On Thursday, the benchmark 30-year fixed-rate mortgage rose to 3.73% from 3.69%, according to Bankrate’s survey of large lenders. That was the day of the Brexit vote. After voters approved an exit from the EU, the average on Friday was closer to 3.6%. A year ago, it was 4.16%. Four weeks ago, the rate was 3.82%.
As rates fall, it should make it cheaper and easier for homebuyers to finance their house purchase.
“The drop in U.S. interest rates, for example the 10-year Treasury interest rate, would push mortgage interest rates even lower,” says Steve Rick, chief economist for CUNA Mutual Group. “This would create yet another mini refinance mortgage boom at financial institutions as homeowners rush to lock in near historic low interest rates.”
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Stocks fall sharply
The Dow Jones Industrial Average hit 18,005 on June 8, then fell sharply after the Brexit vote. The S&P 500 and the Nasdaq have been following a similar course. All of them regained ground on Tuesday.
While many factors impact movement in the stock market, the Brexit is a major economic event. The market took a terrible jolt after British voters decided to leave the eurozone, providing a troubling reality for investors and retirees.
“All in all, volatility will remain very high during the whole two-year negotiation period, which will probably start between October and November,” says Barbara Teixeira Araujo, an economist with Moody’s Analytics in Prague.
To be sure, it doesn’t bode well for investors when Federal Reserve Chair Janet Yellen admits that Brexit concerns factored into the Fed’s decision earlier this month to leave interest rates the same.
“It is a decision that could have consequences for economic and financial conditions in global financial markets,” Yellen says. “It could have consequences in turn for the U.S. economic outlook that would be a factor in deciding the appropriate path of (Fed) policy.”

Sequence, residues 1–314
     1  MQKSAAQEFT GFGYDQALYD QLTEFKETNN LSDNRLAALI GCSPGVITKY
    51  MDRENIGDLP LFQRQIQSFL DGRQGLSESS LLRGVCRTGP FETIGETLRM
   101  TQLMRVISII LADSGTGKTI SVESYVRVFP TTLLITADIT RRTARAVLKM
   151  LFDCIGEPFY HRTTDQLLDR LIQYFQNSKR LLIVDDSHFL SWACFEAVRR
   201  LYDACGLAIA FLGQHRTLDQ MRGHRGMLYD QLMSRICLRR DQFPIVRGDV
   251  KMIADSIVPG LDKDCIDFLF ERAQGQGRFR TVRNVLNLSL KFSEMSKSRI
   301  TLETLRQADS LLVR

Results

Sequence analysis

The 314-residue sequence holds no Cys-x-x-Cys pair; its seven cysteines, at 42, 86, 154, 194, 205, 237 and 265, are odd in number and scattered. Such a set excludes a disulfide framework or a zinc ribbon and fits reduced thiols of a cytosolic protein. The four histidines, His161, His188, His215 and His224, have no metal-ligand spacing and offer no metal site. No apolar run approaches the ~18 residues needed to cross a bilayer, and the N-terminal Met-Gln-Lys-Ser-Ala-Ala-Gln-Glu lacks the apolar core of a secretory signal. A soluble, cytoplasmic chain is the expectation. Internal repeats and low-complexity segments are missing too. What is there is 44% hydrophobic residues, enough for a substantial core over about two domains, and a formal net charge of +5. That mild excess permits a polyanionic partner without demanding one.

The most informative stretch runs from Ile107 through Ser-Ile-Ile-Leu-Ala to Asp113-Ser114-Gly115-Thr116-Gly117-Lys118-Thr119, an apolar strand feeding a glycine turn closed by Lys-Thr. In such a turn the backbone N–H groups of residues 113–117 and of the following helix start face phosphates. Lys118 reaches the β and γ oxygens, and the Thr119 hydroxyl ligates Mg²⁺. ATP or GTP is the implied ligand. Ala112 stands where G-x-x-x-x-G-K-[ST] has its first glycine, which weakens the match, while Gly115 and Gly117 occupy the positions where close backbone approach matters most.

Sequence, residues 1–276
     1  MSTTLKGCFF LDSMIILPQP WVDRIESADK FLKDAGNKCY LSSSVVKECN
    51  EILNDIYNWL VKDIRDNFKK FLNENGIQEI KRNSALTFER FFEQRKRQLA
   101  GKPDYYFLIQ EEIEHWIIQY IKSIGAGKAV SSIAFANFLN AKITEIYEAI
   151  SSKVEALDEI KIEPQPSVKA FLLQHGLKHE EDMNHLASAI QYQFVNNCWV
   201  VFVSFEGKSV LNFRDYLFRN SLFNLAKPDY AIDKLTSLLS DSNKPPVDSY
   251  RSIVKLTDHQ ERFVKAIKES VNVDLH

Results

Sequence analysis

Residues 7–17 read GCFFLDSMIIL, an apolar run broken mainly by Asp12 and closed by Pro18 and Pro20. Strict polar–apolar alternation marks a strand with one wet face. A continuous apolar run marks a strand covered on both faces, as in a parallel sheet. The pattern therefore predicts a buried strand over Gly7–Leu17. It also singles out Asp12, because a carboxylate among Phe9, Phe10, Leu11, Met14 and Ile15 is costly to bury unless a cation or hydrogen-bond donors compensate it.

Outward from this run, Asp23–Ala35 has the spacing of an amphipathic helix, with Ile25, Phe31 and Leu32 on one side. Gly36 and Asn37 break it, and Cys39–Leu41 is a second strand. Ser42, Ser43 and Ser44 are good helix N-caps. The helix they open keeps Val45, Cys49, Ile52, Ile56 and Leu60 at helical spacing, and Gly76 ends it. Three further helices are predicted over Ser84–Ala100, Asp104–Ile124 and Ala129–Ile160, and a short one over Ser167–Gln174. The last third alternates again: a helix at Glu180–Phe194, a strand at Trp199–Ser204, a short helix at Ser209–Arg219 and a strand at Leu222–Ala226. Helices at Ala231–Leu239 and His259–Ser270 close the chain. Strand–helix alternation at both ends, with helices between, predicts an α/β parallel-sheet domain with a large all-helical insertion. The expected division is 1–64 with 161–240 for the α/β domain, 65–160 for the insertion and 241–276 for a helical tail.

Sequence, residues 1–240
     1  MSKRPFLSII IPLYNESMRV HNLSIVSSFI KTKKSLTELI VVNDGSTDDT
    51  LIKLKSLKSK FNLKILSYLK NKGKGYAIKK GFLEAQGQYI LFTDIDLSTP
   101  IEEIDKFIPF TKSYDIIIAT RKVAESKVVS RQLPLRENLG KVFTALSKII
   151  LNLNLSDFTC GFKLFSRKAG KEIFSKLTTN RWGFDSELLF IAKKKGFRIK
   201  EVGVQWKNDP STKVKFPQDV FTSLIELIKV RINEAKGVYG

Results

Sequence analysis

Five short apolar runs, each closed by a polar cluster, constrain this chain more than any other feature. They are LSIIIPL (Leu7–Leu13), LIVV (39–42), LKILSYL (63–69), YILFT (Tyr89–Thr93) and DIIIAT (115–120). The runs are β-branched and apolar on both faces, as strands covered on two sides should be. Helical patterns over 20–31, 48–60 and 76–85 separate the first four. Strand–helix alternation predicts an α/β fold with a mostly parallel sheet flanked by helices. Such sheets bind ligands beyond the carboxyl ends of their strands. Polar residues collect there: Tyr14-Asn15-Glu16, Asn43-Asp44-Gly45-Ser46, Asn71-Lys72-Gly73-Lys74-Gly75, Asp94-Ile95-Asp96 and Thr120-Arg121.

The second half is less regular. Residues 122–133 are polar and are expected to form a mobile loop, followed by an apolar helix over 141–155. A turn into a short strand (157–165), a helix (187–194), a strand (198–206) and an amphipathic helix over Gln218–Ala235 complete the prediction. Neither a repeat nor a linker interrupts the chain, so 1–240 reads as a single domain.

Gold, another investing safe haven, has been trading at its highest levels in years, a reflection of investor worry.
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Immigrant jobs could be limited
Immigration has been the salient issue in the battle for and against Brexit. With Brexit approval, it will likely become more difficult for Americans in search of jobs overseas to find them in Britain as the Conservative Party gains momentum in curbing immigration.
According to the UK Office of National Statistics, the net long-term international migration to Britain in 2015 was 333,000.
“The likely new UK government will be less open to immigration,” says Ian Wright, founder of MoverDB.com, an information site about international moving. The threshold for visas for skilled workers in Britain likely would increase as would the pay requirement — now a minimum 20,800 pounds or about $29,300 — to curb the sponsorship, and therefore the flow, of immigrants.
“This could increase even more after Brexit in a bid to further discourage all but the highest paid workers from moving to the UK,” Wright says.